Though primitive toothbrushes started out as toothpicks and chewing sticks, over the years the toothbrush has changed quite a bit. Take a look at the timeline below to learn how the toothbrush has changed over the years.

3500 B.C.

Babylonians used chewing sticks to clean their teeth. They were careful to select twigs from aromatic trees that  they believed would clean and freshen their mouth. They chewed on one end of the stick until it became soft like a brush, and kept the other end pointed to pick out food that got stuck between their teeth. These sticks were the size of a pencil.

15th-16th Century

The first “toothbrush” (with bristles) was invented in China and was made of animal bone, bamboo and hog hair. The bristles were very hard.


William Addis of England invented the first mass-produced toothbrush. While in prison, he drilled small holes in a cattle bone, tied swine fibers (from wild pigs) in bunches, passed them through the holes and then glued them.


The first three-row bristle brush was designed by Dr. Meyer Rhein.


H.N. Wadsworth was the first to patent the toothbrush. Like those before him, he used animal bone and swine hair.


Other American companies began to mass-produce the toothbrush.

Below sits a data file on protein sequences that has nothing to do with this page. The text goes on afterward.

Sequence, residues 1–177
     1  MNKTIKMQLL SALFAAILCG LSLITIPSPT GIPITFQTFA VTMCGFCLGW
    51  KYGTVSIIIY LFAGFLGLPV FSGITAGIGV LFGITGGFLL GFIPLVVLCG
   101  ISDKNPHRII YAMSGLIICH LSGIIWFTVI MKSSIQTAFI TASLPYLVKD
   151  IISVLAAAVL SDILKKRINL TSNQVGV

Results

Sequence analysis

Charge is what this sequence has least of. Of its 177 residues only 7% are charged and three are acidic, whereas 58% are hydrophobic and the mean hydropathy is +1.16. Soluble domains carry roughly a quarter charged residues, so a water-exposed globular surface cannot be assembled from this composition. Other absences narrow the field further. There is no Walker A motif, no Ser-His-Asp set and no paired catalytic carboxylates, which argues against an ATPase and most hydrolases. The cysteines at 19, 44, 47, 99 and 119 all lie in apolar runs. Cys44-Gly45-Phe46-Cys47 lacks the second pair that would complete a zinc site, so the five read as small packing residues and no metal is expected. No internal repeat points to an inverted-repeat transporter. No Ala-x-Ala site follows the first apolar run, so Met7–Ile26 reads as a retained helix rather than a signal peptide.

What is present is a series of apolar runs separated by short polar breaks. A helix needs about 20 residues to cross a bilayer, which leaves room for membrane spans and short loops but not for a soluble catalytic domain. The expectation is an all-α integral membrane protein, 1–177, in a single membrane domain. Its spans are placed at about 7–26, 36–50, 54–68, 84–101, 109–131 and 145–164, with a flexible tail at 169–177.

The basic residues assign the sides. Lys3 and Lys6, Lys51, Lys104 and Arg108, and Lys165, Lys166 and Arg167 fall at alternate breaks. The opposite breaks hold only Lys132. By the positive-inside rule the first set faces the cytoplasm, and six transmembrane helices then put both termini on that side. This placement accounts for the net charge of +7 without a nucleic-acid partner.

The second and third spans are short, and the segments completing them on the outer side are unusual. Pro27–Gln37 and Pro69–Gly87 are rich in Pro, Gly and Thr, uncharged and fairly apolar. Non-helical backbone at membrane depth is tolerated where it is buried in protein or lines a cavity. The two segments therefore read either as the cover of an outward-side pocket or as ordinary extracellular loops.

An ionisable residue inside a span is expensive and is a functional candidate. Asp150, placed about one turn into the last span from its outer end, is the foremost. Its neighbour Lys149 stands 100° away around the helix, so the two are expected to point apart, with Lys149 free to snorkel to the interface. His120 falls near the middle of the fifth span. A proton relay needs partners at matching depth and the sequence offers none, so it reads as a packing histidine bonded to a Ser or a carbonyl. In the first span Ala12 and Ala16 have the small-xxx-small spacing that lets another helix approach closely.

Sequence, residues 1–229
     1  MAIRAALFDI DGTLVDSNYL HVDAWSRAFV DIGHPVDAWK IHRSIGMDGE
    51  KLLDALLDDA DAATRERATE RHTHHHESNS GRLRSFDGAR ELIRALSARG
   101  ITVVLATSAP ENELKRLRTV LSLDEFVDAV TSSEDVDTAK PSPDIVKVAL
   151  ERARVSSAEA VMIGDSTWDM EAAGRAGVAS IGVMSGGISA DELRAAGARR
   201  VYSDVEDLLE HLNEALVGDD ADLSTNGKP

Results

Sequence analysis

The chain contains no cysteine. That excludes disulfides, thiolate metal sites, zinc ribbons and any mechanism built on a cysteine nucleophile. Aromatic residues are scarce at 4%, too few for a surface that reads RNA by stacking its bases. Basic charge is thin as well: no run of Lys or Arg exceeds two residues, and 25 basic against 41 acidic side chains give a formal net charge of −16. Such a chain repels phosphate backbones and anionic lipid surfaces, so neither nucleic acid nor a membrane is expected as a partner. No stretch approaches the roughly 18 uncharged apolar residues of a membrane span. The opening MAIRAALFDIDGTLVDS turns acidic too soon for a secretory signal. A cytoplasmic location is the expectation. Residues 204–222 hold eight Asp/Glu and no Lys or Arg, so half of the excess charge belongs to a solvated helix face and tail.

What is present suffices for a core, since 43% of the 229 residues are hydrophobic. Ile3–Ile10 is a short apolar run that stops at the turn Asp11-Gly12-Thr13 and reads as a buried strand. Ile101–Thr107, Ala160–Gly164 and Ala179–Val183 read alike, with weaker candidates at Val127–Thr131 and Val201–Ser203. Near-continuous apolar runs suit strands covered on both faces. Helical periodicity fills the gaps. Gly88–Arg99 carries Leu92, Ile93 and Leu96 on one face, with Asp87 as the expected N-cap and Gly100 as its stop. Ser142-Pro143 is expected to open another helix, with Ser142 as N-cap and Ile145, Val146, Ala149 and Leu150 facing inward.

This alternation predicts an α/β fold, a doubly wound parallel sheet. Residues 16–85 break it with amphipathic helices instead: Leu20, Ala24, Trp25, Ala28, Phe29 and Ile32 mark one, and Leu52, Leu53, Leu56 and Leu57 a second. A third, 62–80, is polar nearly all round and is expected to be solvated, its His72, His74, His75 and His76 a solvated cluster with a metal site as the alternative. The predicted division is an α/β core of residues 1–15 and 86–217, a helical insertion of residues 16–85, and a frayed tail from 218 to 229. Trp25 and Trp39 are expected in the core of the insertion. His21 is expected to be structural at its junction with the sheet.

The nylon toothbrush, the first to be made with synthetic bristles, appeared on the market. People preferred these bristles because they were softer and more hygienic than animal hair bristles.


The first electric toothbrush was invented in Switzerland.


Soliders in the United State Army returned from World War II and brought their habit of tooth brushing home with them. The concept spread thoughout the country and nylon toothbrushes became very popular.


The Broxodent was the first electric toothbrush to be sold in the United States by the company Squibb. A year later, General Electric was the first company to sell a rechargeable cordless toothbrush.


The company Interplax designed and sold the first rotary action electric toothbrush.


In an annual survey of adults and teens, the toothbrush was voted the number one invention people can't live without, beating out the computer, cell phone and automobile.


Technology has sure come a long way! The modern-day toothbrush is typically constructed out of a plastic handle and nylon bristles. The modern day toothbrush handle comes in many varieties, including handles that are straight, angled or curved. Toothbrush heads also come in a variety of shapes and sizes for people of all ages and sizes.

To learn about the correct way to brush your teeth visit the Brushing & Flossing section.